SS Peter and Paul (Sinan Pasha Mosque)
Famagusta, SS Peter and Paul (Sinan Pasha Mosque)
ca. 1358-69
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Located in the center of the urban area still enclosed by the late medieval walls of Famagusta, the 14th-century church of SS. Peter and Paul is one of the largest church buildings in Cyprus, in conjunction with the nearby Latin and Greek cathedrals a short distance to the east.  Tradition holds that a wealthy merchant, named either Suriano Christiano1or Simon Nostrano,2provided funds from his profits of trade with Beirut to build the church. 
Although it was the second church in Famagusta to be converted into a mosque following the Ottoman invasion in 1571, in Camille Enlart's time and during the British administration of the island, it was used as a storage facility.3 
  1. "si legge d'uno Suriano Christiano. sive Marano. habitante in Famagosta. quale guadagno tanto in un mercato ch'el fece delle mercantie delle galere de Baruto che, con una particella del guadagno, per voto che egli haveva fatto, fabrico la chiesa di S. Pietro et S. Paolo, in Famagosta, chiesa grande, la quale se potria chiamare bella in ogni bella citta" Mas Latrie, Histoire, p. 524

  2. Stephen de Lusignan, Description, fol. 147V :

  3. Enlart, 1987 (1899), p. 246

The three-aisled basilica is divided into five bays. Each of the aisles terminates in an apse and is entered on the west end by a portal. The central bay of the north aisle features a simple portal that is bracketed by colonnettes and simple torus moldings in the arch. The round piers of the arcade are simple cylinders with modest base moldings and drum-like capitals. 
The vertical space of the nave feels quite lofty despite its two-story arrangement. Atop the cylindrical piers of the arcade sit triple shafts of equal diameter, which rise against the clerestory walls and from which spring the ribs of the quadrapartite nave vaults. Triple shafts climb the outer walls of the aisles as well. Such triple shafts are common in Frankish church architecture in Cyprus, for example, in the nearby Greek Cathedral, as well as at least one example in the 13th-century Hospitaller Church of St. John in Acre.1
The clerestory is fenestrated with tall, narrow windows in each bay that appear constrictive in comparison to the full-bay windows of the Latin cathedral. The flying buttresses on the south flank of the church are unornamented, massive and arrayed in two tiers. The first tier supports the nave vaults, buttressed by coulee that are supported on the outer aisle walls. The second tier, located at ground level, supports the aisle vaults, sitting on massive plinths in the ground and buttressed by coulee that are very wide in comparison to the distance to the aisle wall.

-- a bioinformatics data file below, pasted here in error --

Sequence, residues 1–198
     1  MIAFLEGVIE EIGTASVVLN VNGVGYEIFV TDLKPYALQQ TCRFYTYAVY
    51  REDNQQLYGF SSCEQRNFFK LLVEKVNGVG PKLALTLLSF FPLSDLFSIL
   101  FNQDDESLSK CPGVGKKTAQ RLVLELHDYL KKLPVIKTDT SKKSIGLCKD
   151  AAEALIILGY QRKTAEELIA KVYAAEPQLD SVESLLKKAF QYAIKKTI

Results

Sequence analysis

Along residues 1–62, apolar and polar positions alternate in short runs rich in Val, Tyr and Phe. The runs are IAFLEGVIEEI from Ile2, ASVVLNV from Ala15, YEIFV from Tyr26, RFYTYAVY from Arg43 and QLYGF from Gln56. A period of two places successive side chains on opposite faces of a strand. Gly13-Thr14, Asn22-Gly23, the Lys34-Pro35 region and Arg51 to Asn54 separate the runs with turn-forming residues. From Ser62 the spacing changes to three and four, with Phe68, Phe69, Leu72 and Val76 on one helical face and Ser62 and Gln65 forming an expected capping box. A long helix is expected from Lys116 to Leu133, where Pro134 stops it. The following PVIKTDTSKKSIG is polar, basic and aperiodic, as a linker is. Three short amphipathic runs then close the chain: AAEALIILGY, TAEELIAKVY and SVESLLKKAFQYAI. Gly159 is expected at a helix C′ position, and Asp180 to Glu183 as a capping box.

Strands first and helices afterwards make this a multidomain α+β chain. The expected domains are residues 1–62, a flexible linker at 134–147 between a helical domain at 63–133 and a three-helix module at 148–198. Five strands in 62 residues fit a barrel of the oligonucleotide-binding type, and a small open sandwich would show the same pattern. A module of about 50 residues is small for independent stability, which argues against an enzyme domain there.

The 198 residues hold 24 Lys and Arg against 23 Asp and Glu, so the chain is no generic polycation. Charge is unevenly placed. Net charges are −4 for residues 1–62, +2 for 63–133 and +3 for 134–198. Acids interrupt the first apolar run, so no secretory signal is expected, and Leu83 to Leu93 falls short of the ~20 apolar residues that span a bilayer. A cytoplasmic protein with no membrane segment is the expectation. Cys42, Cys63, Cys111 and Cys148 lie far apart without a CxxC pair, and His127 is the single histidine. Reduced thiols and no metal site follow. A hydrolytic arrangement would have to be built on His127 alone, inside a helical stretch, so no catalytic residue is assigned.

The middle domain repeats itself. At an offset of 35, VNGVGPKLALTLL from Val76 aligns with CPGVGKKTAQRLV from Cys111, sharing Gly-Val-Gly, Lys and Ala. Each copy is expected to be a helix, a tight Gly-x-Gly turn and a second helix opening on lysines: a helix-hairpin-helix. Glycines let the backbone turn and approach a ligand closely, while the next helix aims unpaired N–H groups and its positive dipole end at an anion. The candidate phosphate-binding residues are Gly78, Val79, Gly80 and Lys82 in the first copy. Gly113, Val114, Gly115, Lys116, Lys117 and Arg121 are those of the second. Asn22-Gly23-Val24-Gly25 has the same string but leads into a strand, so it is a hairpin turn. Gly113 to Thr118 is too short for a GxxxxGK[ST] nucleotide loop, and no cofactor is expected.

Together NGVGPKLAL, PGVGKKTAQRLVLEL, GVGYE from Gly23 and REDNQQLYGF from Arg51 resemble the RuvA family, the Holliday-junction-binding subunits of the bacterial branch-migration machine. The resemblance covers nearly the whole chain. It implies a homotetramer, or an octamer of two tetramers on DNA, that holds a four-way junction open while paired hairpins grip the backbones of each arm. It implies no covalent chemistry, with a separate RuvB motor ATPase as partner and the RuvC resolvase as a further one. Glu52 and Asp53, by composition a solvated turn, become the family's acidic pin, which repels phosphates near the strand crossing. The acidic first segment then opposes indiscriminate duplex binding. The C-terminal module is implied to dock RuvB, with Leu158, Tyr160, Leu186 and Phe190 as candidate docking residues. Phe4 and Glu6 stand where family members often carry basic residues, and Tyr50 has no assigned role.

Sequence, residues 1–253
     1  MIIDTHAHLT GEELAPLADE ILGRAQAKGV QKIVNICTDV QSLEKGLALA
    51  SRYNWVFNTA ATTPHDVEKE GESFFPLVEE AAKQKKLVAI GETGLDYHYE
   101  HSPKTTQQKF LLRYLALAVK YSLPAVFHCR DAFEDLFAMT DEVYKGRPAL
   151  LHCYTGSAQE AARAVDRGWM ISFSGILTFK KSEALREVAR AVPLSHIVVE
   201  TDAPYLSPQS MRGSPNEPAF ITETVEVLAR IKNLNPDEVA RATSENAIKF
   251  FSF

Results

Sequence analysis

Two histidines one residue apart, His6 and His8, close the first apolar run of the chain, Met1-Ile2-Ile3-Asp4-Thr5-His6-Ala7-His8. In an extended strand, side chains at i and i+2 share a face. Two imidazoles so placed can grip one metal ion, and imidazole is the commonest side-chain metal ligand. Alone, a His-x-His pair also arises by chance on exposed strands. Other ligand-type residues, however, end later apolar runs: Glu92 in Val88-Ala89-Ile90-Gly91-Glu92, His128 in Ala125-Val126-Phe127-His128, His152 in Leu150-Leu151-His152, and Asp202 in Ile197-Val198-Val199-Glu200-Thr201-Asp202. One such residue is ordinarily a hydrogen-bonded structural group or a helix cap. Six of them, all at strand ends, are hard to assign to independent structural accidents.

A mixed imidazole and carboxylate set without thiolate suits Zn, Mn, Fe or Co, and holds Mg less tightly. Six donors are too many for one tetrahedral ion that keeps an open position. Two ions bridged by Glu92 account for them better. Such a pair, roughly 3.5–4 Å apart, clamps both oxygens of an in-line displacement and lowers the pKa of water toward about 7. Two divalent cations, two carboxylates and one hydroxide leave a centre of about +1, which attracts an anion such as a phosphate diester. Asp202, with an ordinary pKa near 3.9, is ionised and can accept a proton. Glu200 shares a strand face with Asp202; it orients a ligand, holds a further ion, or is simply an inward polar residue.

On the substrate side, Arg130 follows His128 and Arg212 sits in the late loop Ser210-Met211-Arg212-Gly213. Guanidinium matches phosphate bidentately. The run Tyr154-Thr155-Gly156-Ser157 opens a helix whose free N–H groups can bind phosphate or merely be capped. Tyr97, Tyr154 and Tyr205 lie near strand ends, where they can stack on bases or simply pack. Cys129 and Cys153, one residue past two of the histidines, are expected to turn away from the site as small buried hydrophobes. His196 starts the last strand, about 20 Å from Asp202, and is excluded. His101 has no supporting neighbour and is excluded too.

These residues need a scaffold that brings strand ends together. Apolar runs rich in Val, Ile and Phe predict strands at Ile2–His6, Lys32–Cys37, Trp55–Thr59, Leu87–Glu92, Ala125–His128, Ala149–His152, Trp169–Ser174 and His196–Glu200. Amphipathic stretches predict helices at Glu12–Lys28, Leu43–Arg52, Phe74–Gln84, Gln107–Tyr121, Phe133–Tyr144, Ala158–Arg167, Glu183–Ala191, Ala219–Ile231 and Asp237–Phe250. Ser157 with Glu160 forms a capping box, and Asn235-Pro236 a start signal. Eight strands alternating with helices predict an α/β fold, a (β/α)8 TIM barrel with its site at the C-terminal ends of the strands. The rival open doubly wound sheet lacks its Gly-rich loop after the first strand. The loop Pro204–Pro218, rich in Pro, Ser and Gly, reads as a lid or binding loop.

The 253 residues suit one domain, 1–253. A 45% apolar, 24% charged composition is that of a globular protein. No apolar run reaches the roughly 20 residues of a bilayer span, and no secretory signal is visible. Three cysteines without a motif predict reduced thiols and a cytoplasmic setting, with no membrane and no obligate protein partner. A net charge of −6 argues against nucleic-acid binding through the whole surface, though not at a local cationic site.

1. Although the triple shaft motif is not normally associated with churches in the mainland Levant, Denys Pringle points to a c. 1686 drawing by Gravier d'Ortières, which shows the ruins of the Hospitaller church with three piers and shafts above visible. Pringle IV, 1993, p. 34.

The portals of the western frontispiece have deep monolithic lintels that fill about half of the space of the archway. Above them is a gap and above that a straight arch. Though they are quite massive and protected by the gap, they are all cracked. On the north door, an elegant marble lintel bears three shields, since defaced. The lintel sits atop small capitals carved with crockets, and in today's configuration, it directly supports blocks above, without a gap. In the center is a space deep enough for a statue. Oddly, a thick arch appears to protrude from the rear wall over this lintel, but its voussoir stones do not touch the lintel and appear instead to levitate just above it.
Accretion of Structure
The lower tier of fliers found on the south aisle exterior wall are not mirrored on the north side of the building and appear to be a later addition meant to shore up the south aisle vaults. It is interesting that, as massive as this lower tier of flyers is, similar buttressing was not deemed necessary for the north aisle vaults, even though the buildings is symmetrical. Although lower to the ground, and thus less sensitive to lateral accelerations, the east-west depth is greater than that of the nave flyers, indicating that the builders were aware of the vulnerability of French flyers in the longitudinal direction. 
Seismic Notes
Although the flyers at SS. Peter and Paul were most likely built later than those supporting the Latin cathedral, they show none of the cathedral's delicate tracery, carving and diminutive proportioning of the culées. While less elegant, they do have a structural advantage: Due to the depth of the culées in the east-west direction, they would fare better during lateral accelerations from earthquake in that direction.  It should be noted that the buttresses were constructed after the earthquake of 1303, an event during which the Latin cathedral suffered damage and partial collapse.
Enlart, Camille, Hunt, David, Gothic art and the Renaissance in Cyprus, London, (1987 (1899)), 246-53
Jeffery, George, A description of the historic monuments of Cyprus: Studies in the archaeology and architecture of the island, Nicosia, (1935)
K.Walsh, Michael J., "'A Spectacle to the World, Both to Angels and to Men': Multiculturalism in Medieval Famagusta, Cyprus, as seen through The Forty Martyrs of Sebaste Mural", Journal of Eastern Mediterranean Archaeology & Heritage Studies, (2013-8-1), 193-218 [@jstor], edit pages
Vaivre, Jean-Bernard de, Plagnieux, Philippe, L'art gothique en Chypre, , ((2009): 77), edit pages
Walsh, Michael, "The Re-emergence of The Forty Martyrs of Sebaste in the Church of Saint Peter and Paul, Famagusta, Northern Cyprus", Journal of Cultural Heritage, (2007-1), 81-86 [@sciencedirect]